Catching your eye straightaway in Allegories and Metaphors, a triptych of full-length photographs depicts, in the 1920s style of high-contrast black-and-white, a naked female, facing away. Her curvaceous backside bears the impressed patterns of three seats: two in wrought iron (one slatted, one mesh), and one in wood and cane, the chair standing next to her in each case. Paul Kos’s 1995 series Emboss I–III (or dare we rebaptise it One (Woman) and Three Chairs, since one can’t help being reminded of a certain 1965 work by Joseph Kosuth?) is the quintessence of the wittiness separating West Coast Conceptualism from the austere, historically dominant New York version. One of its leaders in the Bay Area since the late 1960s, Kos was introduced to the Vallois gallery by one of his former students, French artist Julien Berthier – which resulted in this, his first solo show and survey in Paris, bringing together a small selection of his static and kinetic sculptures, photographs and videos, from 1968 to 2012.
While Kos came up with the idea of Emboss in a Parisian café summers ago, amused by the seat-prints that loungers wearing shorts or skirts would carry away upon leaving, his aesthetics typically proceed in situ, like Lot’s Wife (1969), his first work to use materials indigenous to their environment: local Jersey cattle. Invited by Rene di Rosa, the great supporter and collector of Bay Area art, to his Napa Valley wildlife reserve, Kos ended up stacking a pile of cow-lick blocks in the middle of a herd, documented by three photographs. As an ironic sequel to the biblical figure turned into a pillar of salt for looking back at Sodom against divine command, the cows would eventually lick away the ephemeral sculpture. With site, too, often comes anecdote, wether personal or cultural: as with Montezuma’s Gift (1998), a pedestal-mounted bronze roll of toilet paper covered with gold leaf. Satirically embodying the precious metal with which the Aztec ruler vainly hoped to welcome the Spanish conquistador Hernán Cortés (whose forces eventually killed Montezuma in 1520), it evokes the vernacular expression venganza de Moctezuma (Montezuma’s revenge) used since to designate cases of diarrhoea contracted by travellers in Mexico.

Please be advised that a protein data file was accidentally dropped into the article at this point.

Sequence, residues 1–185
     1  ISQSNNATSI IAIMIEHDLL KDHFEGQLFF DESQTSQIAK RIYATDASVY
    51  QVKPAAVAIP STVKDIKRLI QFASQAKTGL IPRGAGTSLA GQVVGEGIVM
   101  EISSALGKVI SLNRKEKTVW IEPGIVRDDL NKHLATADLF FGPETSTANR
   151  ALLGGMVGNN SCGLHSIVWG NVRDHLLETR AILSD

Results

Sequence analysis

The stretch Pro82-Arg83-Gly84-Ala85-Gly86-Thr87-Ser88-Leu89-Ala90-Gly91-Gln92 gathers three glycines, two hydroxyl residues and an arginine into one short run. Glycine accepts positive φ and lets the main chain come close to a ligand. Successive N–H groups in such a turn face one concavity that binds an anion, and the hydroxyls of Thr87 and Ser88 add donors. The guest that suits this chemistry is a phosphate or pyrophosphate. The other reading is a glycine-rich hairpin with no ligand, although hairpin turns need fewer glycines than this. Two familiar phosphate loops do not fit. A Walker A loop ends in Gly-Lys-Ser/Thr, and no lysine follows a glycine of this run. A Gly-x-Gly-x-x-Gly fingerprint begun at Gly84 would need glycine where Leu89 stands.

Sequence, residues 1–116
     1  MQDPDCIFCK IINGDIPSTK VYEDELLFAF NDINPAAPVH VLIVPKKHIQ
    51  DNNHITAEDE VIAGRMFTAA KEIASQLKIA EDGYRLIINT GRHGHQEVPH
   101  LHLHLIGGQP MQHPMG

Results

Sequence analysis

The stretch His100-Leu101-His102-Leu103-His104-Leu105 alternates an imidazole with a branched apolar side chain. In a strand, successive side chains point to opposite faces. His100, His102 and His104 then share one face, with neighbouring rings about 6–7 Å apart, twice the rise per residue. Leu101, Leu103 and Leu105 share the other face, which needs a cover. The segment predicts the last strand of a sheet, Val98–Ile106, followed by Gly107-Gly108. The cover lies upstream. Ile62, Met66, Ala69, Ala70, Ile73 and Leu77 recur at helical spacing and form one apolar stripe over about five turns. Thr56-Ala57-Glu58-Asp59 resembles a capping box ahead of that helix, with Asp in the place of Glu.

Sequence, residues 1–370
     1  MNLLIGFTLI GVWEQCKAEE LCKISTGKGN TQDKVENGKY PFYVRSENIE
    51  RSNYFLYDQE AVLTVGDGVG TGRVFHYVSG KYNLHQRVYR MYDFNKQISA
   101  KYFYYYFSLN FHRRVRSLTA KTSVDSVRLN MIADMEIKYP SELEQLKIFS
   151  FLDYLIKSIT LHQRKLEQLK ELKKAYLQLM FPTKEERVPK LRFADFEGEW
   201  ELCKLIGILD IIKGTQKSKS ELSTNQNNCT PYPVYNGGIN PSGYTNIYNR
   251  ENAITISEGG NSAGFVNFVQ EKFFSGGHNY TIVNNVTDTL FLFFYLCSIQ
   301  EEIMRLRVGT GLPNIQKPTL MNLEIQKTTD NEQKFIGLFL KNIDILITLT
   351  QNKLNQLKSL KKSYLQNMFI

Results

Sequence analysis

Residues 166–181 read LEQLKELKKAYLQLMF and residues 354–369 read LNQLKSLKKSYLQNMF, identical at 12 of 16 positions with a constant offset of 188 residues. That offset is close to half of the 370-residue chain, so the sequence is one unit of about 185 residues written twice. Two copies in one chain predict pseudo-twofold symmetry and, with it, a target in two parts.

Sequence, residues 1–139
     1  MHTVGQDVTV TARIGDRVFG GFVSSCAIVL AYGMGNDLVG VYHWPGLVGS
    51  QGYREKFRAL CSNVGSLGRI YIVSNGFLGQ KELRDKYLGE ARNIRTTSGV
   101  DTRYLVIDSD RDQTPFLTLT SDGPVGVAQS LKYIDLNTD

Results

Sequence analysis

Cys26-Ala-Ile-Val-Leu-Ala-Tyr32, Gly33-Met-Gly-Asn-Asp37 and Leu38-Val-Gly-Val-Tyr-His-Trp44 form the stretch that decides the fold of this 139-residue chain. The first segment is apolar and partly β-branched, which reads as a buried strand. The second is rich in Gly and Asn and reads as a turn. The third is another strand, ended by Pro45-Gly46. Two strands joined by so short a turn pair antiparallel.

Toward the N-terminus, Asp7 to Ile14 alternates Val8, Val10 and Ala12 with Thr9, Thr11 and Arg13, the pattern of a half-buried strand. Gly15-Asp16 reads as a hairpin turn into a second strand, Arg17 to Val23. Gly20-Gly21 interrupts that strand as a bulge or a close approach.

Since the beginning of his career Kos has been working on viewer-participation pieces. One example here is Equilibre IV (1992), a coat hanger that has been unwound into a single long wire and balanced on a freestanding broom, the hanger holding in equilibrium a bell on one end and a candle on the other. “If one lights a candle, one worries, how much does a flame weigh?” the artist tells me. While tension ran high during my visit and the precarious arrangement crashed to the floor, another piece, Diminuendo/Crescendo (2011) is only complete if you venture to play its game. The musical notation for the two dynamics is painted on a wallsize panel, diminuendo on top of crescendo, pierced at their highest points by, respectively, a small and a large hole. Tossing a lightweight wooden ball into the first or a heavy steel one into the second produces a complex sound modulation through the cacophony of their descent, as the panel conceals two intricate labyrinths of tubes, both of which terminate at a bell. Ding!